Something thing a writer needs a lot of, on his or her way to successful publication, is education. Luckily for writers and potential writers, education is available in lots of different places and formats.
One of the most popular ways to get educated about the type of writing you want to do is to take an online class. Many classes are out there, ranging from free to moderate to expensive, and from amateur-run courses to professionally produced and conducted.
As a potential writer, you no doubt know about Writer’s Digest Magazine, a valuable resource full of writing-related articles by professionals: http://subscriptions.writersdigest.com/Writers-Digest/Magazine And perhaps you’ve also seen Writer’s Market, which provides up-to-the-minute marketing advice: http://www.writersmarket.com/ :
But do you know about Writer’s Digest University, the teaching arm of Writer’s Digest Publications? I’ve been teaching for WDU for many years, and I find their course offerings to be exceptional and nicely varied. For more information on my latest course…Writing the Romance Novel, beginning April 16…go here: https://www.writersonlineworkshops.com/courses/writing-the-romance-novel
What about getting a degree in writing, not just taking a course? A Google search for creative writing degree programs in my state (New Hampshire) yielded this: http://www.snhu.edu/online-degrees/undergraduate-degrees/creative-writing-BA-online.asp Never underestimate the power of a Google search!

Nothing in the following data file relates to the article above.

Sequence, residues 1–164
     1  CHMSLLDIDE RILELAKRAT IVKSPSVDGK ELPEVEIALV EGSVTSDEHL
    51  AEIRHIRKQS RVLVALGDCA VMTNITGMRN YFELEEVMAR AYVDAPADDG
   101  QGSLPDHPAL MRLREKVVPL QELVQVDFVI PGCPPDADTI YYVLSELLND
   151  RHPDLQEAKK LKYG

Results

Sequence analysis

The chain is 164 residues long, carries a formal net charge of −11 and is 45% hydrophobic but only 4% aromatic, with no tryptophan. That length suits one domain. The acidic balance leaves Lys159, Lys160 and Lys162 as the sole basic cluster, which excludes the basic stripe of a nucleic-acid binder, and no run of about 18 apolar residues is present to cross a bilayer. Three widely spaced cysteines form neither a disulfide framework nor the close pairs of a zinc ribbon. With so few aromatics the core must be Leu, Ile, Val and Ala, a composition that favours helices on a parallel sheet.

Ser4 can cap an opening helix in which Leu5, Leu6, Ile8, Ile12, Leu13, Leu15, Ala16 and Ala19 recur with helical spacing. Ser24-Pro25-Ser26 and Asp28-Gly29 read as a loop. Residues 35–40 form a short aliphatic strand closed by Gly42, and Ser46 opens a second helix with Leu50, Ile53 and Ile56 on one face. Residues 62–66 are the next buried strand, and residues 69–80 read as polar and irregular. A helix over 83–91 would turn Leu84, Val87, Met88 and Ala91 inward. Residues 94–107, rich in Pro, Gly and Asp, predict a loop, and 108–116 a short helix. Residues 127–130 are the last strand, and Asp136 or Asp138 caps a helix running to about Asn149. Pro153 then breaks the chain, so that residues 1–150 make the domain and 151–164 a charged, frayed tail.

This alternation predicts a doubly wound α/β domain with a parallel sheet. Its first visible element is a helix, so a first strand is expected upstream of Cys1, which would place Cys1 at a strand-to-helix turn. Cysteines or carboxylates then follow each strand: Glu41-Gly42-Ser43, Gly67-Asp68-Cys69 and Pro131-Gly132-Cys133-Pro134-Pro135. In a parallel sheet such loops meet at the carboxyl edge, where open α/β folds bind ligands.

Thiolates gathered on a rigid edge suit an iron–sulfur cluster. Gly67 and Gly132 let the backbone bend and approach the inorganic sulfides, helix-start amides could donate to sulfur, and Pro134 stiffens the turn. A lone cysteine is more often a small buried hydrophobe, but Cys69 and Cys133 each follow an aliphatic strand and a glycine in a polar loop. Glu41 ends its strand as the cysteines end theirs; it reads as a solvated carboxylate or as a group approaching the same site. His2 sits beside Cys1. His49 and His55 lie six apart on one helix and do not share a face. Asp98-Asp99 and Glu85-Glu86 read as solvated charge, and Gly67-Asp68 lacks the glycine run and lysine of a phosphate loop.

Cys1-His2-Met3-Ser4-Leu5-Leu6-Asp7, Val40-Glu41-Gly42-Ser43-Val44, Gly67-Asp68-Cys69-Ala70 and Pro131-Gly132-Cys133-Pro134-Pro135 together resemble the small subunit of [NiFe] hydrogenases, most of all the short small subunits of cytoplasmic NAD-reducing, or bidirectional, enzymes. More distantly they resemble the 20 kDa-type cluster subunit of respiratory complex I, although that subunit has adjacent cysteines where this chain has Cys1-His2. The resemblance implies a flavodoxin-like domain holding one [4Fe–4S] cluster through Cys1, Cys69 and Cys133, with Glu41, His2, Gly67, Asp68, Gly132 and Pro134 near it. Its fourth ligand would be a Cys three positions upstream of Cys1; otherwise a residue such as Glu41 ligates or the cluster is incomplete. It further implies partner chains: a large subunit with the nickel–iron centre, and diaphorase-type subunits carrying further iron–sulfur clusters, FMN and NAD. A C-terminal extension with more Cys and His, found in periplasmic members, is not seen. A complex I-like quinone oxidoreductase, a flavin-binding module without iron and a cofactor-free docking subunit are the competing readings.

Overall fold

Suppose you don’t want to take courses online. A good resource for in-person writing classes is your local community college. A quick Google search for community colleges with writing classes in my state (New Hampshire) came up with this: http://www.rivervalley.edu/academics/academic-programs/creative-writing
Then, there are workshops of all types, both online and in person. One of the most well-known workshops is the Clarion Science Fiction Writers Workshop: http://clarion.ucsd.edu/ Clarion is an intensive six-week program in San Diego, where you eat, sleep, talk and work on writing science fiction, fantasy and horror. Founded in 1968, it has produced many well-known writers.’'
Books about various aspects of writing are also available. For example, Writer’s Digest offers books on just about any writing-related topic you can think of: http://www.writersdigestshop.com/
It’s also helpful to do a search on a book-seller site like Amazon, so you can read the reviews to find out if a particular book is for you. For instance, a search on Amazon for “creative writing” turned up titles as varied as “The Making of a Story: A Norton Guide to Creative Writing” and “Write Good or Die.” What did their purchasers think about these books?
And finally, you can educate yourself in another way, in the privacy of your own home. How do you do this? You read, read, read. Read widely in the genre in which you’d like to write, taking note of how those authors do everything, from writing a compelling opening sentence to punctuating dialogue. If you focus on the mechanics when reading instead of allowing yourself to float away on the story, you’ll begin to see patterns of how things work, which options work best. Read in other genres as well, for you never know when you’ll come across something that gets the wheels turning and teaches you a new trick.
So, choose your education method and begin!